Stay to the right up the gravel road to continue toward the Nobbies. Over the next half a kilometer, the road climbs gradually up to a coastal bluff. On the way up, there are views over Summerlands Beach where a sandy cove has been built up with stadium lights and seating for spectators to the nightly penguin parade when thousands of the world’s smallest penguins return to burrows in this area of Phillip Island.
As the road curves to the right to head west along the south coast of Phillip Island, you will come to the first vista point along the trail, Scotchmans Lookout. Step out on the wooden viewing platform and enjoy easterly views across Summerlands Bay toward Kennon Head, Pyramid Rock, and Cape Woolamai. The cape is the easternmost point on Phillip Island and Pyramid Rock is an easy-to-identify sea stack along the coast.
The Boulevard becomes even more gradual beyond Scotchmans Lookout, crossing gently rolling oceanfront bluffs. Windswept green grasses and brush along the trail allow for broad panoramic views. As you walk, there are numerous places to look down on the coast below, where waves collide with small rocky islands and points.
After walking 0.6 kilometers past the first overlook (1.2 kilometers from the start), you will come to South Coast Lookout with views up the coast in both directions. The overlook sits atop sheer cliffs, allowing you to look down on waves battering the rocks that divide the island from the deep blue waters of the Bass Straight. The coastline to the east is particularly picturesque, with rocky coves and a procession of grassy bluffs. It is a longer walk to the next overlook, so those looking for a shorter hike could turn around at South Coast Lookout for a satisfying 2.4-kilometer round trip return walk from the Penguin Parade Visitor Centre.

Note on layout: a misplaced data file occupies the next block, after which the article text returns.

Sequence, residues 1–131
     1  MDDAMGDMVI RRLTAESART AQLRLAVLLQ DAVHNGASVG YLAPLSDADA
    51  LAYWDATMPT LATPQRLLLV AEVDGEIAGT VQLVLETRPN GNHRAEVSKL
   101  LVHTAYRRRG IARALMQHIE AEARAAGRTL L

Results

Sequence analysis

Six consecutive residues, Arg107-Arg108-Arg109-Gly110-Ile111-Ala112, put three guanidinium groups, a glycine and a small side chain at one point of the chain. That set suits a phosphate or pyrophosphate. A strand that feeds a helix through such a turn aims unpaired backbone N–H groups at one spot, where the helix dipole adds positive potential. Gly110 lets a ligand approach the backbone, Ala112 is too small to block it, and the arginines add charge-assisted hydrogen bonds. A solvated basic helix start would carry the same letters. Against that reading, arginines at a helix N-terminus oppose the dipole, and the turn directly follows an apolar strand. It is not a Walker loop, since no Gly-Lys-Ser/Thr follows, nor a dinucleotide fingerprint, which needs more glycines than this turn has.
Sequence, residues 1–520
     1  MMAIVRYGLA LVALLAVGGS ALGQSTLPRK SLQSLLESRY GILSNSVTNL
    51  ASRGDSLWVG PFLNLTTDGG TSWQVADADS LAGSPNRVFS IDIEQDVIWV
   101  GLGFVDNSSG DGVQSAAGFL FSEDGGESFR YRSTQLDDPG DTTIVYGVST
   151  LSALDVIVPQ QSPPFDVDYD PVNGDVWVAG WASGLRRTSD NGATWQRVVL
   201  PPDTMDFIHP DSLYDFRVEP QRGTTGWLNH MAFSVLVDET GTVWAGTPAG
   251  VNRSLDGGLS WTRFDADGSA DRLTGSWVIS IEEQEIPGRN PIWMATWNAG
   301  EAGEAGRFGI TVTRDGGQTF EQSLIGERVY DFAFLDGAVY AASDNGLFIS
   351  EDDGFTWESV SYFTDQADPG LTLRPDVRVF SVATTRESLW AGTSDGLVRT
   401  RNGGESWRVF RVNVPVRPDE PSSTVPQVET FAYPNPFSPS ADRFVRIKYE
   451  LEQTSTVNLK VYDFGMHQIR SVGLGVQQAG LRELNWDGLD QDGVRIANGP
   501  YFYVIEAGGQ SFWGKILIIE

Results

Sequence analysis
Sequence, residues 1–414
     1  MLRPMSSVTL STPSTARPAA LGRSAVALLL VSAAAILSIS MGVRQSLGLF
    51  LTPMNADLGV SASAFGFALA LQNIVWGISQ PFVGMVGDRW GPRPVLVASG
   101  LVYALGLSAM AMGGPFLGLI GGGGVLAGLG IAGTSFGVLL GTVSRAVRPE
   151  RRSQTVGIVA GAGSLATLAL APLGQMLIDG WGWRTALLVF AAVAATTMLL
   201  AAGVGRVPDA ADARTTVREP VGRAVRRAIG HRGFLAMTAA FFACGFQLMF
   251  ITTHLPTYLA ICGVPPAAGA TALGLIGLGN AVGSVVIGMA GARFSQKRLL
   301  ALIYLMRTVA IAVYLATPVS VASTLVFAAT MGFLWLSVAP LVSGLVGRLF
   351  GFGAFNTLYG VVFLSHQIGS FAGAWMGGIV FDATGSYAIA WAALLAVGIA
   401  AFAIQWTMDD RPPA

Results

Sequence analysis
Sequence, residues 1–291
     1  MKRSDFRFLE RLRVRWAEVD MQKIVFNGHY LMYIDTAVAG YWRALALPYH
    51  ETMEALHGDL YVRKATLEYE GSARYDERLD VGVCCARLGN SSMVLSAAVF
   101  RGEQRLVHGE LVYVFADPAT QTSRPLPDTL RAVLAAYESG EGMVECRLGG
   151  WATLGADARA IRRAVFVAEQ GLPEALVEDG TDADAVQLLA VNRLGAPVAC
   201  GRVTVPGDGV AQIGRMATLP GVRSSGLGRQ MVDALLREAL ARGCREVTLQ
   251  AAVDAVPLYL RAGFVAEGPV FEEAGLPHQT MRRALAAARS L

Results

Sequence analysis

Past South Coast Lookout, there are numerous overlook-worthy views along the road as it winds around curves in the coastal bluffs that offer windows onto the shore below. The hiking remains easy-going over the next two kilometers leading to Seagull Rock Lookout, the third and final overlook along the road (3.2 kilometers from the start). Step out onto this overlook on the bluff’s edge and look down on a large dark rock on the coast called Seagull Rock. The popular seabird spot is surrounded by more beautiful rugged coastline. Have a seat on the bench and enjoy the ocean view panorama before continuing up the road.
The final 0.8 kilometers from Seagull Rock Lookout to the Nobbies Centre heads gradually downhill and then uphill, sticking with the south coast of the peninsula. You’ll soon spot the Nobbies Centre built on Point Grant. The ocean continues to batter the southern coast of the island and there are also views of blue waters to the north, in Westport, on the other side of Phillip Island.
The west end of the Boulevard is also lacking obvious signage (which probably contributes to the small number of vehicles and hikers that put it to use). The gravel road meets the southeast side of the loop in the road outside the visitor center. If you walk around to the northeast side of the loop, you’ll find a large parking area and the start of the Nobbies Boardwalk, which allows visitors to hike a kilometer of scenic boardwalks on the western end of Phillip Island. If you are returning to the Penguin Parade Visitor Centre, turn around and hike 4 kilometers back to the start for an 8-kilometer return hike (9 kilometers if you add the Nobbies Boardwalk).